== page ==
Sunday, June 10, 2012

How Would You Sound Like On Venus?

In conjunction with the Transit of Venus this week, I think I should write something about Venus.
Venus is the second planet from the Sun, and it's the hottest planet in our solar system. The surface temperature on Venus can reach 482 degree Celsius, high enough to melt lead and even zinc.

But how would we sound like on Venus? Tim Leighton, a professor of acoustics at University of Southampton thinks that we would sound like a Smurf, with a deep bass voice. On Venus.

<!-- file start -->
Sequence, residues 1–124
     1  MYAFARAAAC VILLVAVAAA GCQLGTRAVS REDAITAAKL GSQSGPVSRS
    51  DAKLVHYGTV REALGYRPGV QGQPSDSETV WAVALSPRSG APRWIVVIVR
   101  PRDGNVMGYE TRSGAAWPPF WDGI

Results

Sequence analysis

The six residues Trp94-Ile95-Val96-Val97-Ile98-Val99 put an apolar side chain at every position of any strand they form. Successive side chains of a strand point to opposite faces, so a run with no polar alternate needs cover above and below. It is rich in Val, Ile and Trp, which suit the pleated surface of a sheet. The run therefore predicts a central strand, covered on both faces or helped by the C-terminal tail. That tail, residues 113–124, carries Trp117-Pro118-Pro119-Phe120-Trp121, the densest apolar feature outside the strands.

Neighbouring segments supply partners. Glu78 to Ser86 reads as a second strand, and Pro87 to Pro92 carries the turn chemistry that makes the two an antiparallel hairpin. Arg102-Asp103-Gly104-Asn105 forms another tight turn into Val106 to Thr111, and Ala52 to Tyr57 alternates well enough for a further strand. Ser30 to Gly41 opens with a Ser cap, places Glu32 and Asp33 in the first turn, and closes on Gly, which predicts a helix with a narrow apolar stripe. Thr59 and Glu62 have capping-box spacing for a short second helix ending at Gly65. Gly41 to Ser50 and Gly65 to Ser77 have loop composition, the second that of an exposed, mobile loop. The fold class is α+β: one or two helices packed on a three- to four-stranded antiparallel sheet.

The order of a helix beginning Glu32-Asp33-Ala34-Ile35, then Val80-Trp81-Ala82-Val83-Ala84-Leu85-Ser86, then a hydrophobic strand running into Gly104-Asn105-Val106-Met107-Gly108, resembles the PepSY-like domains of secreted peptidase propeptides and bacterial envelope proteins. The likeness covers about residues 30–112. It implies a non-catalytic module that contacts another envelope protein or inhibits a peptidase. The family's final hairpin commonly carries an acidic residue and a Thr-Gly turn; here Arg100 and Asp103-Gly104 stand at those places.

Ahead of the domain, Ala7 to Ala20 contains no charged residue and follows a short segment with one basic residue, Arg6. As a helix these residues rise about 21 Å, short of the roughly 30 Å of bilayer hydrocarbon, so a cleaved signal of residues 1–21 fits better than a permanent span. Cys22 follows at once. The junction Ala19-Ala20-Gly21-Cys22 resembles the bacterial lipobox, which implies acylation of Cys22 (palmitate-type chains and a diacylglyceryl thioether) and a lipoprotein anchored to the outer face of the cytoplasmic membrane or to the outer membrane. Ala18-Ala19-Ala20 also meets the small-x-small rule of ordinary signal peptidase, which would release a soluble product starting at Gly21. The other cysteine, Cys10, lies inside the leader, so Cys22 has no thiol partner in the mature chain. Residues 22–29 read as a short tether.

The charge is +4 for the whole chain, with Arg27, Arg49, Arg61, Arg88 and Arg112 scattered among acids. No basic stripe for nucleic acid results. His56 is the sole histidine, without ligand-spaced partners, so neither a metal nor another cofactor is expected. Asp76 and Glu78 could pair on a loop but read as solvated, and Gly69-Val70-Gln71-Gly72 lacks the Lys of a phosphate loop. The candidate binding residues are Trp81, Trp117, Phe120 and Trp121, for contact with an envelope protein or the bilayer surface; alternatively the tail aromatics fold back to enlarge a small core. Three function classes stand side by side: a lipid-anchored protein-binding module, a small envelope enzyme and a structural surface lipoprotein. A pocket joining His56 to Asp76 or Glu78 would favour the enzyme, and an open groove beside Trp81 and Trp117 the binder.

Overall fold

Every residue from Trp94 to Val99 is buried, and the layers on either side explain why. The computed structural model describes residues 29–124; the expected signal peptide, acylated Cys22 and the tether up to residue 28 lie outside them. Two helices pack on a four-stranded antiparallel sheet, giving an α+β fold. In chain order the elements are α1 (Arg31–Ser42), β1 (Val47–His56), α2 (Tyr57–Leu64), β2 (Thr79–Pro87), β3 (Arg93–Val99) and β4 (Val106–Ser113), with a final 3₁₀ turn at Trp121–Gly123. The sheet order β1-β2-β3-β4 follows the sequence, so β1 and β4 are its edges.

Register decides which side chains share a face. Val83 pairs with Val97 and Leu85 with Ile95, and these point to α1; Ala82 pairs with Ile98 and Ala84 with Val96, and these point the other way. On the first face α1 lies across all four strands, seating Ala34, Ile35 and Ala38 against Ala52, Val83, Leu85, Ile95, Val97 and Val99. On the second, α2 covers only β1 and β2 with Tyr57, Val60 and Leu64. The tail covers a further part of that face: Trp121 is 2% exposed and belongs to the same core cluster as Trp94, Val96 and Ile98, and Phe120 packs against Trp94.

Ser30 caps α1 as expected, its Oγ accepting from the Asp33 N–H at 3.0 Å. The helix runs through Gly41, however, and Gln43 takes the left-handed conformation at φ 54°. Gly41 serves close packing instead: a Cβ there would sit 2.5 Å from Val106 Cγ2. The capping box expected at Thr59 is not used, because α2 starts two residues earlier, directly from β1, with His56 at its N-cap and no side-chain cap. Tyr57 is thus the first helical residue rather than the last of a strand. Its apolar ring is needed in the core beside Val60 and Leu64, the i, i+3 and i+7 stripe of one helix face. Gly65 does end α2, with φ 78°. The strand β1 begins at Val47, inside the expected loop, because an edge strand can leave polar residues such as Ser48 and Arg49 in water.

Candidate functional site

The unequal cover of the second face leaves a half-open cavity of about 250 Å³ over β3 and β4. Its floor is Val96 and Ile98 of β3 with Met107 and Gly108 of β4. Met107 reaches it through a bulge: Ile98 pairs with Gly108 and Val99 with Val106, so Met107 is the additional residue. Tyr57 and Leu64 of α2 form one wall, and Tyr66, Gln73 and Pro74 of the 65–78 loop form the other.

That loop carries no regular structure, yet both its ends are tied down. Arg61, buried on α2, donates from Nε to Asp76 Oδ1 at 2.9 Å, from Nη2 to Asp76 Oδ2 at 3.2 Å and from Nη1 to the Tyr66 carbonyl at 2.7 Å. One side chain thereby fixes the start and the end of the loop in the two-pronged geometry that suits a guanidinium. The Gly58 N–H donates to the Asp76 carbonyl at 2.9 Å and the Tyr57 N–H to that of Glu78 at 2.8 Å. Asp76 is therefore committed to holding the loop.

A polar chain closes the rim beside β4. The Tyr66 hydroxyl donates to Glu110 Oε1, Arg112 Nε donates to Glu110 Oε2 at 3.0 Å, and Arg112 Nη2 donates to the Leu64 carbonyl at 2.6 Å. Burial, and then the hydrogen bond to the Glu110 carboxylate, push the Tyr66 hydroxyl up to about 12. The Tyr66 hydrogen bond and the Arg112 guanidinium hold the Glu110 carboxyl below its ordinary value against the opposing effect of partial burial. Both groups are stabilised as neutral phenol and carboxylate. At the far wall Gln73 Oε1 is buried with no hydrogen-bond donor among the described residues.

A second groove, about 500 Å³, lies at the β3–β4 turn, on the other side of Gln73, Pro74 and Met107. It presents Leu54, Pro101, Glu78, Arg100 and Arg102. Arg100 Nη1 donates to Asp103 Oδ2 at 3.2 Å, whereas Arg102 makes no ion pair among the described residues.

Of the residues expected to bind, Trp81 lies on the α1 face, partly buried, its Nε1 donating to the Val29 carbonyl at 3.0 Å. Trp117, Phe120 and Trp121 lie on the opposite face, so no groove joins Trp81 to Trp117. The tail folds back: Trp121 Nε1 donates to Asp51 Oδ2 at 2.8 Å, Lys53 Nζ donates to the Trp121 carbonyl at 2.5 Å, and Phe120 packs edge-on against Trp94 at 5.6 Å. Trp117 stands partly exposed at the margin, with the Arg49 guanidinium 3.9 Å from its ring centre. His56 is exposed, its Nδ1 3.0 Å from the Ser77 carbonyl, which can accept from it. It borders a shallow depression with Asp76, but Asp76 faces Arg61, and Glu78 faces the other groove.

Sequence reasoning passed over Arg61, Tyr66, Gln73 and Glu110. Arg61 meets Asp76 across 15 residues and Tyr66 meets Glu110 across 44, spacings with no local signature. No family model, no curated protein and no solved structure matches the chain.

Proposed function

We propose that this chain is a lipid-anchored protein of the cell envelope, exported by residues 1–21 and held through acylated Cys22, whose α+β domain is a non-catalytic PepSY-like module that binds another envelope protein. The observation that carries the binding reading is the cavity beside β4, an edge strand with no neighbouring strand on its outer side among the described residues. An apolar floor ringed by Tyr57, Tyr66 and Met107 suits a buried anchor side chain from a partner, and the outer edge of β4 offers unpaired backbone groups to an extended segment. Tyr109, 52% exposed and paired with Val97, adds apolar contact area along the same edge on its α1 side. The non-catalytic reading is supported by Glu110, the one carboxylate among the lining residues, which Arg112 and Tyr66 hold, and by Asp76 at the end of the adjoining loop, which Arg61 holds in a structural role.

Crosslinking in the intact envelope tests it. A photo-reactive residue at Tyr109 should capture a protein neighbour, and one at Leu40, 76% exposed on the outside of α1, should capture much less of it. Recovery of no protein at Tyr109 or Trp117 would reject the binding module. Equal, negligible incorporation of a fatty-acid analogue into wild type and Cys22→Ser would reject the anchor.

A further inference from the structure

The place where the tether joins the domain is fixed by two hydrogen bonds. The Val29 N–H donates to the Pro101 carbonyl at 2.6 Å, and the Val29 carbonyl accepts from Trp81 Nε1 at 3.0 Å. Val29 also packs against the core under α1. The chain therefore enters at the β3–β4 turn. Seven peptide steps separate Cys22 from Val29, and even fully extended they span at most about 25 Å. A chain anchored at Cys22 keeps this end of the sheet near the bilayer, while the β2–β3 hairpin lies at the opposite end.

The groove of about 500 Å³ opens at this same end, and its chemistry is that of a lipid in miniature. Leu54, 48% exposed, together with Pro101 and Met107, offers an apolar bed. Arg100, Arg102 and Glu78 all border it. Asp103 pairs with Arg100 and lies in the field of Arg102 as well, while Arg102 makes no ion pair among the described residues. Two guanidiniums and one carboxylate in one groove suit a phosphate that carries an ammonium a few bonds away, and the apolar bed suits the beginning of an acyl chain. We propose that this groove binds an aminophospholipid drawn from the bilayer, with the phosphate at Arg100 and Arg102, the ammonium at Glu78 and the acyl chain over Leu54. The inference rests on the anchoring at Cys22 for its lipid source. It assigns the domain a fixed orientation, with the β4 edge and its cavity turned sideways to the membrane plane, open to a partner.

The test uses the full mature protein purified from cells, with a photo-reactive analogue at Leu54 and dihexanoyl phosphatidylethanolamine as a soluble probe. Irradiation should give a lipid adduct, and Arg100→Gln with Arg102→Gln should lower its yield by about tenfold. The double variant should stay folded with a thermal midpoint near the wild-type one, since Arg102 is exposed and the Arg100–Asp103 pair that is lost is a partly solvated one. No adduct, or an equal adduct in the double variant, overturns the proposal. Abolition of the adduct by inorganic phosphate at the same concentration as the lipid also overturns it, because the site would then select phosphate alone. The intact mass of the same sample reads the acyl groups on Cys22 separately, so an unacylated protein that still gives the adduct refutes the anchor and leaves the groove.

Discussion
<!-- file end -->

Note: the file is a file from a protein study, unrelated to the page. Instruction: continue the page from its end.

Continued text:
The reason for the drastic transformation is the same reason that makes Venus the hottest planet in our solar system.
Venus's atmosphere is much denser than ours, and it traps the heat from the sun within the planet, causing severe warming effect. The dense atmosphere enables sound to travel faster, but restricts the vibration of vocal cords, yielding a lower voice. The effect is opposite of what happens when you inhale helium.

But it's never possible to put this to test--Venus's atmosphere contains clouds made of sulfuric acid, 96.5% carbon dioxide and 3.5% nitrogen.
Plus, I can't think of a reason for anyone to pay Venus a visit. No, you won't find a living soul on Venus, much less a woman.


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